For example, when we read the book of Genesis we do not read it as a scientific treatise. Genesis tells us why God created the world, but science tells us how God created the world. The book of Proverbs is not a collection of sayings designed for fortune cookies; it is God’s instruction on how one should conduct one’s life to reflect the order and justice of nature, which in turn reflects the order and harmony of creation. Finally, we read the book of Revelation to gain assurance that God is in control of a world that threatens to run amok; it is not a horoscope forecasting the future.

 

Readers are advised to keep in mind the following characteristics of apocalyptic literature:

First, apocalyptic exhorts a righteous remnant to remain faithful and to continue serving God despite immense persecution. In contemporary sociological terms, apocalyptic is akin to an ideological pamphlet for the marginalized and disenfranchised.

Second, there is a decisive rejection and denunciation of evil. It is acknowledged that the people of God are poor and insignificant in society. But at least, they continue to keep themselves from the pollution of sin or the corrupting influence of the world and live a morally higher life. More importantly, apocalyptic proclaims the imminent overthrow of the present unjust and evil social order.

Third, the worldview of apocalyptic is one of dualism. The contrast is between the pure and exclusive community of the faithful remnant, and the evil social order at large. According to D. S. Russell, apocalyptic records and reflects the difficult experiences of the faithful remnant. As such, apocalyptic “cannot be understood apart from the religious, political and economic circumstances of the times, nor can the times themselves be understood apart from these books whose hopes and fears echo and re-echo the faith of God’s chosen people.”

Fourth, apocalyptic sounds the clarion call of imminent divine judgment to unrepentant believers. In contrast, the faithful will experience a salvation that is both universal and transcendent (deliverance to an other-worldly order). Apocalyptic gives meaning to life by relating it to the imminent end of the world, with the promise of a new and total solution to the human problem.

 

G.B. Caird’s succinct summary on the purpose of apocalyptic is most pertinent:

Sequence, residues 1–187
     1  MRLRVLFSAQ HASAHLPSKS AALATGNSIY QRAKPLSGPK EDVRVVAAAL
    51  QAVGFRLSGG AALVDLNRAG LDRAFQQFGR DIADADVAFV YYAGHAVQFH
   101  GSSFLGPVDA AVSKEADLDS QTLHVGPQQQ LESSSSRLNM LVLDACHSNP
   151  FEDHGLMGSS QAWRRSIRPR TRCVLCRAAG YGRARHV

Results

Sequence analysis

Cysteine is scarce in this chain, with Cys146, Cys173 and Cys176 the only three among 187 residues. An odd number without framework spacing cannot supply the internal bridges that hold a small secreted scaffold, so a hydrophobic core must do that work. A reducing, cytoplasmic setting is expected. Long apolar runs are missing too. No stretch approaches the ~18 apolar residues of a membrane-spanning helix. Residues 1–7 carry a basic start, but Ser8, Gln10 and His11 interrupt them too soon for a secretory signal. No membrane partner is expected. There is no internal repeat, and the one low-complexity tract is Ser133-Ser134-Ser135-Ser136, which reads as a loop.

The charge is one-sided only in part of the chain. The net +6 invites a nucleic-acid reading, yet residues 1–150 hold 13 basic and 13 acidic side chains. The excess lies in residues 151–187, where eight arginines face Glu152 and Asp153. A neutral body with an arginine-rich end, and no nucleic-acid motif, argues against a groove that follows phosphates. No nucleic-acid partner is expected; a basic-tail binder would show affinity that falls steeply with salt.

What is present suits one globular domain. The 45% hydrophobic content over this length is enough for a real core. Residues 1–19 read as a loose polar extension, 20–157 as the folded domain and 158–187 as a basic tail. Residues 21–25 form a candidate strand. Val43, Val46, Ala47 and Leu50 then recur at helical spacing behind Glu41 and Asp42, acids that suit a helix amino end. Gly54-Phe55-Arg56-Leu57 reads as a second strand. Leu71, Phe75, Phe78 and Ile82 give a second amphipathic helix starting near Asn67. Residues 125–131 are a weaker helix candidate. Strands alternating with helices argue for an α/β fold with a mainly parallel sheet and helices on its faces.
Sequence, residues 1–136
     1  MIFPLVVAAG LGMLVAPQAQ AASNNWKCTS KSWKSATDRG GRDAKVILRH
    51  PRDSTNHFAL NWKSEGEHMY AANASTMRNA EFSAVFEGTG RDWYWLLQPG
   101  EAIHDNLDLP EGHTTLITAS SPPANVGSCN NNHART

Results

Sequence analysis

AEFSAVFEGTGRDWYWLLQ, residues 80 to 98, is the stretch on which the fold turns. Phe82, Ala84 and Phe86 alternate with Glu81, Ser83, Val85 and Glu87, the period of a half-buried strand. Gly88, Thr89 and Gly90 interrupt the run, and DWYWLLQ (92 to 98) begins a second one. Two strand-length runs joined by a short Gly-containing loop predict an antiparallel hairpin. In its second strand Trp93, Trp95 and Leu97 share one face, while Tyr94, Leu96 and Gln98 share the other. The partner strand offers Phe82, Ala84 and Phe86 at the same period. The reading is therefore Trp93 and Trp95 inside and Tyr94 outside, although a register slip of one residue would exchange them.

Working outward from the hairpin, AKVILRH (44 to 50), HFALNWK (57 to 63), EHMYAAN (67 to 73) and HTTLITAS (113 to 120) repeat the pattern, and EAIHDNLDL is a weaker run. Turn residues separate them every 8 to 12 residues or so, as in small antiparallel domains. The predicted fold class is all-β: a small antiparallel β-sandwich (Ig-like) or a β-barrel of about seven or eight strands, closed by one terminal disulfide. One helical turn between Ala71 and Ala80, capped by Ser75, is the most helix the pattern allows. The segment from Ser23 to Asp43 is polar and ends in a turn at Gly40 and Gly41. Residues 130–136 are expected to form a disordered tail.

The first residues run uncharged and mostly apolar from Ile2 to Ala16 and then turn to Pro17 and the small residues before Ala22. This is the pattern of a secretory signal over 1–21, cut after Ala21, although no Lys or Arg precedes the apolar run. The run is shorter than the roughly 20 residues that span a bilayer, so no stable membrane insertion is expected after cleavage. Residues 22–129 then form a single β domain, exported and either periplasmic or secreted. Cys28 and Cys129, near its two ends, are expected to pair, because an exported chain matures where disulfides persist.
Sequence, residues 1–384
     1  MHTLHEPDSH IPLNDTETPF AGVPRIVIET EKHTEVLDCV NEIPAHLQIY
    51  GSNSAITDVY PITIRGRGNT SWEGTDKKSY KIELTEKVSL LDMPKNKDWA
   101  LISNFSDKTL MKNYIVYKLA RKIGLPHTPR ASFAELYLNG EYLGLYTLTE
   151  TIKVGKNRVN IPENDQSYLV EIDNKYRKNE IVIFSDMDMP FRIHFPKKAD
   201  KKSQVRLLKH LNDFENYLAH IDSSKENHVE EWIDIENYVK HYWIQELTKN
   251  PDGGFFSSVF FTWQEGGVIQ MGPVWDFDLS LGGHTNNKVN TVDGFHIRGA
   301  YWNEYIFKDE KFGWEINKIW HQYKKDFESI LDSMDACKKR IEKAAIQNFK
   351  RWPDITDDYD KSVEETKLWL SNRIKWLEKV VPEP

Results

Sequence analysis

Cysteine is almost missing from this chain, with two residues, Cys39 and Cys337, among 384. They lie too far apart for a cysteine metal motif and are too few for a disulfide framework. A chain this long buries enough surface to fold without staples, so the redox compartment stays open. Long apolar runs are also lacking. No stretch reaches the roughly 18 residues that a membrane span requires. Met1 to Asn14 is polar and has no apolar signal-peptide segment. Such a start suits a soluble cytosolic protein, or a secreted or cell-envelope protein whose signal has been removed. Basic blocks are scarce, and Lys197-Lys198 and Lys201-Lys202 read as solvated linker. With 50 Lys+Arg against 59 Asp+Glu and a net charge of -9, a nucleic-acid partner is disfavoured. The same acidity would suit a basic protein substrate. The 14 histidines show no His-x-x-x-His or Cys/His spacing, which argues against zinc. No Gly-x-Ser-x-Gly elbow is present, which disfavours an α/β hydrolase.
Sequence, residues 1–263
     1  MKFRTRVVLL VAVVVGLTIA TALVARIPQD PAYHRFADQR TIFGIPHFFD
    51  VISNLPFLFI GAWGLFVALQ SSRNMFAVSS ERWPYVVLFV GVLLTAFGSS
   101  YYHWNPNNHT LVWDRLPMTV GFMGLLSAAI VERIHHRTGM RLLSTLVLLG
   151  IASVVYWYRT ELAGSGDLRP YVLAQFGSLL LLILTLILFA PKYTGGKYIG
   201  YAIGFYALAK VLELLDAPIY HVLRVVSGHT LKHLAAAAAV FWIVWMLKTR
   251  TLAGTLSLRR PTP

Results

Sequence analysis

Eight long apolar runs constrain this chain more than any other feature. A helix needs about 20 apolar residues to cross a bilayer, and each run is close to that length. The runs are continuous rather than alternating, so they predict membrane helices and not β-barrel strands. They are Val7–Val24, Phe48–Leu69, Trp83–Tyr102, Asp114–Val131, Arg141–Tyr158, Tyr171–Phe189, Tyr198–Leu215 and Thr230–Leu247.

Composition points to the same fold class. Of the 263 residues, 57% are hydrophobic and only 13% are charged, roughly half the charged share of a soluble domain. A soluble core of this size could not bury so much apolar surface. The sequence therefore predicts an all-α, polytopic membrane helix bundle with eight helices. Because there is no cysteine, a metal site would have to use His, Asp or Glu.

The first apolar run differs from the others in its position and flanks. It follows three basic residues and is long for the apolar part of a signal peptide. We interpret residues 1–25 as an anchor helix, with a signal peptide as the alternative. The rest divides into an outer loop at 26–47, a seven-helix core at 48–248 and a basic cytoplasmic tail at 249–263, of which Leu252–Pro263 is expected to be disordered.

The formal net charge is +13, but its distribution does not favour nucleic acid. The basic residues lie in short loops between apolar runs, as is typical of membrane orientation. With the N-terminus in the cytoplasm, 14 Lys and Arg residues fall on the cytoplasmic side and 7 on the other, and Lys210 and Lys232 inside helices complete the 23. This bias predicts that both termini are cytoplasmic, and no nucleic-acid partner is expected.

“…to encourage Jewish resistance … by showing that the national suffering was foreseen and provided for in the cosmic purpose of God and would issue in ultimate vindication … against a background of world history, the present struggle as part of the age-long struggle between the kingdom of light and the kingdom of darkness, and victory over the immediate enemy as the embodiment of the final victory of God.”

Apocalyptic literature may serve as a source of inspiration to resist evil. Unfortunately, it can also be perverted to justify a pessimism that leads to withdrawal from the world. Significantly, apocalyptic has proved, historically, to play a crucial role in the rise of millenarian movements. Apocalyptic denounces the evil in the social order and spawns rebellion by the poor and underclass. Unfortunately, these millenarian movements have proved to be more destructive than constructive.

Sociologists have identified several factors that give rise to such millenarian movements.

  • There exists widespread malcontent among the poor.
  • This social group holds to a common set of beliefs exemplified by apocalyptic literature.
  • A calamity brings extensive suffering and intensifies the discontent, which finds articulation by a charismatic leader who claims spiritual empowerment and has gained unquestioned allegiance.
  • Some leaders may suggest that the community wait passively for divine intervention to save the exclusive community.
  • More dangerously, the leader manages to persuade his followers to rebel since his spiritual power assures them success in overthrowing an evil and unjust social order.

 

Sadly, some churches have been vulnerable to manipulation by so-called experts in matters of endtimes who claim to have the special key to unlock the mysteries of the book of Revelation. Their influence in recent times has tended to lead Christians to withdraw from constructive social engagement. The consequences could be worse.